Are women deserting Gore?
Gender gap may not help Democratic front-runner in 2000
April 29, 1999
WASHINGTON (April 29) - For seven years, women voters have solidly supported Bill Clinton: They sent him to the White House in 1992, and kept him there in 1996. Will that support transfer to Vice President Al Gore?
Not automatically, at least according to the polls. In 1996, Clinton beat Bob Dole among women by 16 points, easily overcoming Dole's lead among men.
In our latest 2000 hypothetical match-up, a complete and dramatic reversal: George W. Bush is beating Gore among women by 18 points. And it's not just Bush. That same mid-April CNN/USA Today/Gallup Poll shows Elizabeth Dole ahead among women by 14 points.
What's going on? Dole's pollster, Linda DiVall, believes unease over the president's Kosovo policy is dragging Gore down, and she sees evidence of scandal fatigue.
"Voters are not inclined to further reward President Clinton or Vice President Gore and forgive those transgressions by giving Al Gore a blank check at the voter box in 2000. So he has a little bit higher bar to cross, I think, because he also has to overcome some of Bill Clinton's personal problems," DiVall told CNN.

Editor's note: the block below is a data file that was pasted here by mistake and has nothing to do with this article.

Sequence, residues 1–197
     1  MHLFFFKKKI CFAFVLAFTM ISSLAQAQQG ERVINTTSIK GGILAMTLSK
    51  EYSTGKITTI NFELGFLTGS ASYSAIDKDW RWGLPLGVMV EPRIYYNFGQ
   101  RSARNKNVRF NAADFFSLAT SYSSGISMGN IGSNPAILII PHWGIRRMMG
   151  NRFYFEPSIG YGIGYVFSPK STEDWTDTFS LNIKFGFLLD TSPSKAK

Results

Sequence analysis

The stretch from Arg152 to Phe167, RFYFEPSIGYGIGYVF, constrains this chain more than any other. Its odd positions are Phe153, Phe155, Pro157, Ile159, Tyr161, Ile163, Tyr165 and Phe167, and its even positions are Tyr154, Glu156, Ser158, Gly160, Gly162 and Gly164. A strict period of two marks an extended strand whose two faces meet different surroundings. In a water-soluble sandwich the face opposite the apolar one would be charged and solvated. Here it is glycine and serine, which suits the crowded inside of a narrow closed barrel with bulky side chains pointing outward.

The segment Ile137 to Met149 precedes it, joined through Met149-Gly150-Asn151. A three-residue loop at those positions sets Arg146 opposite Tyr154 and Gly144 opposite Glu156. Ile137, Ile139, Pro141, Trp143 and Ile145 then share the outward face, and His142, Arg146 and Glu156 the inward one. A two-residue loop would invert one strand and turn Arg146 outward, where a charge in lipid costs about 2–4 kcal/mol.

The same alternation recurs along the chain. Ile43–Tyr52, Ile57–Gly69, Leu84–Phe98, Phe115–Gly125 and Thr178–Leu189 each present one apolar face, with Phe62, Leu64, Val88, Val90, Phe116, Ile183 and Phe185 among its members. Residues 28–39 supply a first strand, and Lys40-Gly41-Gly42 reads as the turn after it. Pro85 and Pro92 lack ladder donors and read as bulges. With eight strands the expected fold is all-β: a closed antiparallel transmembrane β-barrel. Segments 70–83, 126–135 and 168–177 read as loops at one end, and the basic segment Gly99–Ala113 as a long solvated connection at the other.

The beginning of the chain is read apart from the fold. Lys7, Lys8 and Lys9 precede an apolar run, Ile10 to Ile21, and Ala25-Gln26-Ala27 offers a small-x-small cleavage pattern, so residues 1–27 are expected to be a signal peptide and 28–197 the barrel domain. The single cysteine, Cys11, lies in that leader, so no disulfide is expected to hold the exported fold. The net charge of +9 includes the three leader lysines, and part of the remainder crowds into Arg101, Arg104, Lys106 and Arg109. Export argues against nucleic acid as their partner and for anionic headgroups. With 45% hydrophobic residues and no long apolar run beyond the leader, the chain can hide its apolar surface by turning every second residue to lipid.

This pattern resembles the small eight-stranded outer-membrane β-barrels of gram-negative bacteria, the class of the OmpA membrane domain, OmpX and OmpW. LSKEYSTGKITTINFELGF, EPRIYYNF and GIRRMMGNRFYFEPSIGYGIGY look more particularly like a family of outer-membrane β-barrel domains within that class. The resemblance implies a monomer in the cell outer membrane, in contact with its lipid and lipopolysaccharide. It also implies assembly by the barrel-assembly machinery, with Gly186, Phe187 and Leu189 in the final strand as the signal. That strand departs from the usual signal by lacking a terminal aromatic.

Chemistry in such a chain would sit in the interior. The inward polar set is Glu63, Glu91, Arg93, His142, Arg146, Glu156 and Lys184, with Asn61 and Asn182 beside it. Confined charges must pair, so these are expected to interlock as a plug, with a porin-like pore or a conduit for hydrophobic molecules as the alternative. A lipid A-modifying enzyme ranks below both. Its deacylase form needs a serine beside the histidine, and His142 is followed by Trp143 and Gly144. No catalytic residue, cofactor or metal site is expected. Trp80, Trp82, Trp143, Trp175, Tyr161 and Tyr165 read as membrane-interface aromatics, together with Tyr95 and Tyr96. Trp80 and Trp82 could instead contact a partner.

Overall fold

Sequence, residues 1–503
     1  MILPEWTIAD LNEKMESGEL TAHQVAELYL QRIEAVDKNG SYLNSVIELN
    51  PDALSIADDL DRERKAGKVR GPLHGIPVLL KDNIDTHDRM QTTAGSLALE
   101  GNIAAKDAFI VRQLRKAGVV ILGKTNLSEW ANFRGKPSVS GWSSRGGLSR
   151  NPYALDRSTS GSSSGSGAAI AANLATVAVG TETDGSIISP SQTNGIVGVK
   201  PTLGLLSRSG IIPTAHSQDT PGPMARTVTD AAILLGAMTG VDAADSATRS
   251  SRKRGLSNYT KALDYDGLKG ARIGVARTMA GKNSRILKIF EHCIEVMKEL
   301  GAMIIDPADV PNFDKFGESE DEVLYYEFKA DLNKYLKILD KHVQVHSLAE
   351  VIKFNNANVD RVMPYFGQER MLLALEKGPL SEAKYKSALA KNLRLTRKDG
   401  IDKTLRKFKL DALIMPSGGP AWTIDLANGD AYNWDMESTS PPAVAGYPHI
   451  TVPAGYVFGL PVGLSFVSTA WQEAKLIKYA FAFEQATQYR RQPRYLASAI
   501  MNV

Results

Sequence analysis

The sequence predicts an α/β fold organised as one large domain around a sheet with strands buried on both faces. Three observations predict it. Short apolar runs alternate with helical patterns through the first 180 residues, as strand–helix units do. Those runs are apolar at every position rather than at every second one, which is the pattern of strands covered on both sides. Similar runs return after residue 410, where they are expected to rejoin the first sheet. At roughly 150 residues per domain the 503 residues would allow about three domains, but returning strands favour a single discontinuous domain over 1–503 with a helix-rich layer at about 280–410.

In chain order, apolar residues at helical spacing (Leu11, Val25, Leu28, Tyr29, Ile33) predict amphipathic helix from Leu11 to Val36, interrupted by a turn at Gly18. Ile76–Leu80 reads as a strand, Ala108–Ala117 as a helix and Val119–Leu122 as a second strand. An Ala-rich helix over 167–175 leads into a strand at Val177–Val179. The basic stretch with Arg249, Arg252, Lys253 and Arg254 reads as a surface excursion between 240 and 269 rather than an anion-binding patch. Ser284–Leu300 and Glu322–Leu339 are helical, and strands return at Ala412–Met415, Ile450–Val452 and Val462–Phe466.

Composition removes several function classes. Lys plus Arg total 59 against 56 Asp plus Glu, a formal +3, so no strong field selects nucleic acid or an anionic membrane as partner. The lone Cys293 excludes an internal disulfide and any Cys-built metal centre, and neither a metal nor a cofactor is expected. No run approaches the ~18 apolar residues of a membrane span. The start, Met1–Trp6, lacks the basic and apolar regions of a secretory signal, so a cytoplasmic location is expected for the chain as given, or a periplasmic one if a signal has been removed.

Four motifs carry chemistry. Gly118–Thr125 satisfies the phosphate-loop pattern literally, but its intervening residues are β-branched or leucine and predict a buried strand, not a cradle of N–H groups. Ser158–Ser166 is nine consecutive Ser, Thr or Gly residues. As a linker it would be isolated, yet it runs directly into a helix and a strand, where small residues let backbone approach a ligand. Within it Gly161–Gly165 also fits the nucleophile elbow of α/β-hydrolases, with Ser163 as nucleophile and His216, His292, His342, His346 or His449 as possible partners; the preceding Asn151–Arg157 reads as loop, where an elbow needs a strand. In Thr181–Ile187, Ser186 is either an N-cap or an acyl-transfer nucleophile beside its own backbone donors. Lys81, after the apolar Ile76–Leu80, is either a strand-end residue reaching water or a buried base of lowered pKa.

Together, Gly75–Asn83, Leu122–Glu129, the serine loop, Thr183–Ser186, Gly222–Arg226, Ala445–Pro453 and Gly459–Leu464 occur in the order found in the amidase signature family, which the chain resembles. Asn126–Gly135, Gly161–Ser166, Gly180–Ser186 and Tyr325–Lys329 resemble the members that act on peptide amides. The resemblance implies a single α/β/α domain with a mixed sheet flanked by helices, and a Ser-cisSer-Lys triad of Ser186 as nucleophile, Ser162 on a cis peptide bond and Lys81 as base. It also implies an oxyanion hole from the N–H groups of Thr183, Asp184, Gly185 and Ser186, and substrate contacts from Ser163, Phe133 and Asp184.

But Gore's pollster, Mark Penn insists "it's really too early to look at these horse-race numbers and make any conclusions about how women are going to vote in 2000."
Penn says Democratic women are solidly behind Gore, and that the independents will come around.
"Independent women don't know Al Gore yet, haven't heard his full message. As they hear where he stands on education, health care, crime, Social Security, Medicare -- when they hear where he stands on these issues, I think they're going to look at his leadership, look at the kind of things that he's going to do for families, and they're going to say, you know, Al Gore is my choice," said Penn.
But if Gore's early weakness among women holds up, it could point to a fundamental realignment in American politics.
For 20 years, women have tended to vote Democratic, the so-called gender gap. If the Republicans close that gap, they'd break one of the foundations of Democratic power, and have something to really cheer about in 2000.
The Gore camp is quick to note that the 2000 election is a year and half away, more than enough time to turn around the polls. As evidence, they cite Clinton's performance in 1996; 18 months before the election, polls showed Clinton in a dead heat with Dole.
We all know what happened after that.
Thursday, April 29, 1999
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